The role of courage in the experience of patients with diabetes complications
Patricia Donohue-Porter, Ph.D RN
- Sigma Affiliation
- Alpha Omega
Visits vs Downloads
Visitors - World Map
Top Visiting Countries
Top Visiting Cities
Visits (last 6 months)
Downloads (last 6 months)
Popular Works for Donohue-Porter, Patricia by View
Popular Works for Donohue-Porter, Patricia by Download
Over ten million Americans have diabetes mellitus, a chronic metabolic disease with multiple complications. The person with diabetes complications may experience progressive debilitation from such serious conditions as blindness, kidney failure, nerve damage and cardiovascular disease. These complications are progressive and life-threatening, requiring treatments which may be painful, exhausting and often unsuccessful. The patients have multiple tasks to perform in order to cope with this devastating physical illness. They are thrust into a unique emotional experience which has not been investigated by nurses. The experience necessitates drawing upon patients' inner resources. Nursing research into their experience is essential. In an effort to illuminate the experience of the patient with disabling complications of diabetes so that nurses may be better able to assist individuals through the experience, a phenomenological exploration and philosophical analysis of the role of courage was conducted. Courage has been viewed as a virtue, a gift, a potential to be developed. The role of courage in facing certain complications of chronic illness bears exploration. The study of courage and its development, with related nursing implications, may better help the patient to face life and death. The related literature for this study included courage, psychosocial adjustment to diabetes and chronic illness, phenomenology, coping and diabetes pathophysiology and complications. The phenomenological method, an inductive, descriptive research method concerned with the investigation and description of all phenomena, was used. The research design consisted of a qualitative approach, using a small sample of middlescent diabetic patients with disabling complications. These patients were interviewed in home settings. The transcripts of these patient interviews were subjected to thematic analysis in order to generate descriptive profiles of the meaning of courage for these patients. Five theme categories were derived which described the various dimensions of courage in the experience of the patients: philosophical, health care, physical, psychological, and interpersonal. The study of courage was found to have an impact on the practice of nursing and implications were drawn for improved nursing intervention for this group of patients.
This dissertation has also been disseminated through the ProQuest Dissertations and Theses database. Dissertation/thesis number: 8715251; ProQuest document ID: 303471070. The author still retains copyright.
This item has not gone through this repository's peer-review process, but has been accepted by the indicated university or college in partial fulfillment of the requirements for the specified degree.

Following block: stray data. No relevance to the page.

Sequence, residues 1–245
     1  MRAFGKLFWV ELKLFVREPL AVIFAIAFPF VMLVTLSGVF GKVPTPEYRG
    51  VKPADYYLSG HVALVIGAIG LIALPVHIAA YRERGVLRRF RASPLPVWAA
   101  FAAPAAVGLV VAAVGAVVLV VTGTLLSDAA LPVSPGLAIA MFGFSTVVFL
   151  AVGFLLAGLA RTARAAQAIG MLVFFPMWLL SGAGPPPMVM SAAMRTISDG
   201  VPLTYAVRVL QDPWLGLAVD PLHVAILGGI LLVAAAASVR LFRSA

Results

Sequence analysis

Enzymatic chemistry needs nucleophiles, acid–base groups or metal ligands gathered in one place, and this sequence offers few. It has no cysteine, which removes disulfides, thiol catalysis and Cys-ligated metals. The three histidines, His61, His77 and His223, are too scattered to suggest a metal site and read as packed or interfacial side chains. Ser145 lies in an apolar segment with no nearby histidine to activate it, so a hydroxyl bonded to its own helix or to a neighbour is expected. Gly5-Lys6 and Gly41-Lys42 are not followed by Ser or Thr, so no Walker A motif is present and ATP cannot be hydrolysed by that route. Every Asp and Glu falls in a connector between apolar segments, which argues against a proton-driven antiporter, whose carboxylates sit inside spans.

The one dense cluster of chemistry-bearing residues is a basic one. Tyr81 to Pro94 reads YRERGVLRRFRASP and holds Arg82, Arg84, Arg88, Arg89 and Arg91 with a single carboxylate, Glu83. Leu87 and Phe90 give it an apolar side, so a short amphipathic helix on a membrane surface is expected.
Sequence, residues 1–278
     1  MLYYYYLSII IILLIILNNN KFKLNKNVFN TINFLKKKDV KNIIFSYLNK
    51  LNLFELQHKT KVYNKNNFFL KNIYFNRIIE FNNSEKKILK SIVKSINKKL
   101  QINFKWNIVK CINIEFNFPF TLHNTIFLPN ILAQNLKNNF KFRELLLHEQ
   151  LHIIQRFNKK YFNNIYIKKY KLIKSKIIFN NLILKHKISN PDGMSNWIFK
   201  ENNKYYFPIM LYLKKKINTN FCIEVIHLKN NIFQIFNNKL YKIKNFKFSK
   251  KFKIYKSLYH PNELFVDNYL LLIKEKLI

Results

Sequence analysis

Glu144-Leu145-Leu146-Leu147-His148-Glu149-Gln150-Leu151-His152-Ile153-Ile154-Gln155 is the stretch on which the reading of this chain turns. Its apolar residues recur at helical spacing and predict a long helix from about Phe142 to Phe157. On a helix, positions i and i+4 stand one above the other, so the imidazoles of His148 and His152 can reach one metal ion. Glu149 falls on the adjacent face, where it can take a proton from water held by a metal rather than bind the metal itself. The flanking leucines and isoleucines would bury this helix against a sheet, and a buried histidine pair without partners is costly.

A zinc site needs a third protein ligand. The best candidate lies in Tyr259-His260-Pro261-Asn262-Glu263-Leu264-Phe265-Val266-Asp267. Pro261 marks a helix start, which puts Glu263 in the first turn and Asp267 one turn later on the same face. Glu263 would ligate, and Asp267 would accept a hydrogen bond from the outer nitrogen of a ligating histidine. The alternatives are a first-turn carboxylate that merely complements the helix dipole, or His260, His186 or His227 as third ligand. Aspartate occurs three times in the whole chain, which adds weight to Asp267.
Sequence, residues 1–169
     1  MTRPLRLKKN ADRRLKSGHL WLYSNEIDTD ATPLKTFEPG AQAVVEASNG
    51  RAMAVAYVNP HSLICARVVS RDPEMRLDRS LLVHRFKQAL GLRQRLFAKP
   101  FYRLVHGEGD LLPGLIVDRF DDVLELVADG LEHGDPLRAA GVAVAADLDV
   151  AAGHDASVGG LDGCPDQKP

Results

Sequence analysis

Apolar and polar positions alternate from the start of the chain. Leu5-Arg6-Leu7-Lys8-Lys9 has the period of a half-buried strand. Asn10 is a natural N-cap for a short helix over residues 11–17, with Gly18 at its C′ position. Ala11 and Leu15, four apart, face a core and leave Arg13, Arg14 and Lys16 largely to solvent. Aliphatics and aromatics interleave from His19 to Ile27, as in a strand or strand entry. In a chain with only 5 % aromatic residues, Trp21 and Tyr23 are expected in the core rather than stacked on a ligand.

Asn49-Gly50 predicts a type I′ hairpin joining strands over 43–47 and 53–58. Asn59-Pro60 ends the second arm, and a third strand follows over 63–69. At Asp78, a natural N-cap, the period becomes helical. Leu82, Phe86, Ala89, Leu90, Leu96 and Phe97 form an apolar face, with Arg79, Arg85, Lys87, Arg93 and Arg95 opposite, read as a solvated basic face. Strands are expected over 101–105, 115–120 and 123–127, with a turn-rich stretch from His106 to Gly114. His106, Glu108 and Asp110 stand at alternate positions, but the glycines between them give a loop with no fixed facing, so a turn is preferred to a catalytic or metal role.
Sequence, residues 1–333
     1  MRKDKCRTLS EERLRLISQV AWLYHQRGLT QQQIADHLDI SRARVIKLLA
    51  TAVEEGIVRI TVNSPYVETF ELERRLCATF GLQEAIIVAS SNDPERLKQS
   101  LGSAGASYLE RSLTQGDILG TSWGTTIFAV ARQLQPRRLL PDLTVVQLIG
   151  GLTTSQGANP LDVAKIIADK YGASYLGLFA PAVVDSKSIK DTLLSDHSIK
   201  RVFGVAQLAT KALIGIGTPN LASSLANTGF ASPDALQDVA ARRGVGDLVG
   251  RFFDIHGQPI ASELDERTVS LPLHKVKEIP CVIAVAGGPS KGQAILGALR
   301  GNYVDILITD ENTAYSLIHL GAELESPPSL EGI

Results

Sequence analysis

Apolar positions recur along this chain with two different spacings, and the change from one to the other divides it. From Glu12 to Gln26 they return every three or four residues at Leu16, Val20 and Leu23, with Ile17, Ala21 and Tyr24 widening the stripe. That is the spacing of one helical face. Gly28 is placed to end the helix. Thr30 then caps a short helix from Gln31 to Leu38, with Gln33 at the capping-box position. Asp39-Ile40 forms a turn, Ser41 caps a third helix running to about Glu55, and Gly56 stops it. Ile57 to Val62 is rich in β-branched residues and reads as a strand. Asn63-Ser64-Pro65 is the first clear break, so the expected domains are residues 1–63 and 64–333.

|Review Type||None: Degree-based Submission|
|Evidence Level||Philosophical Enquiry|
|Research Approach||Qualitative Research|
All rights reserved by the author(s) and/or publisher(s) listed in this item record unless relinquished in whole or part by a rights notation or a Creative Commons License present in this item record.
All permission requests should be directed accordingly and not to the Sigma Repository.
All submitting authors or publishers have affirmed that when using material in their work where they do not own copyright, they have obtained permission of the copyright holder prior to submission and the rights holder has been acknowledged as necessary.
Showing items related by title, author, creator and subjects.
The relationships among emotion regulation, role stress, and psychological distress in surrogate decision makers of the chronically critically ill patients Variath, Mary NjalianBackground: Advancement in technologies has contributed to patients surviving critical illness, but continuing to live with chronically critically ill conditions. A majority of such patients experience transient or persistent ...
Allard, Patricia; Cipher, Daisha J.; Eades, Tamara L.; Porter, Marlene T.; Rogers, Meagan R.; Urban, Regina WilderNavigating the year-long transition to competent professional practice as a new graduate nurse (NGN) is cognitively, emotionally, and physically demanding. This session addresses the NGN experience with stress, anxiety, ...
Bressler, Toby; Hagan, Teresa L.; Xu, Jiayun (2017-07-06)Background: Palliative care refers to interdisciplinary patient and family-centered care that optimizes quality of life by anticipating, preventing, and alleviating suffering across the continuum of a patient’s ...
Kohlbry, Pamela; Daugherty, JoAnn; Gorzeman, Joy A.; Parker, Joseph A. (2017-07-20)The purpose of this presentation is to describe the opportunity for leadership of the Clinical Nurse Leader (CNL) in transitional care. Leadership in transitional care is often missing resulting in any number of healthcare ...
Brown, Beverley E. Blair; Risher, Carrie Riley; Kent, PatriciaType-2 Diabetes Mellitus is a serious,chronic condition that must be managed properly. Lowering hemoglobin A1C (HbA1c) levels to less than 7% has been shown to reduce vascular complications. Nurse Practitioner (NP) students ...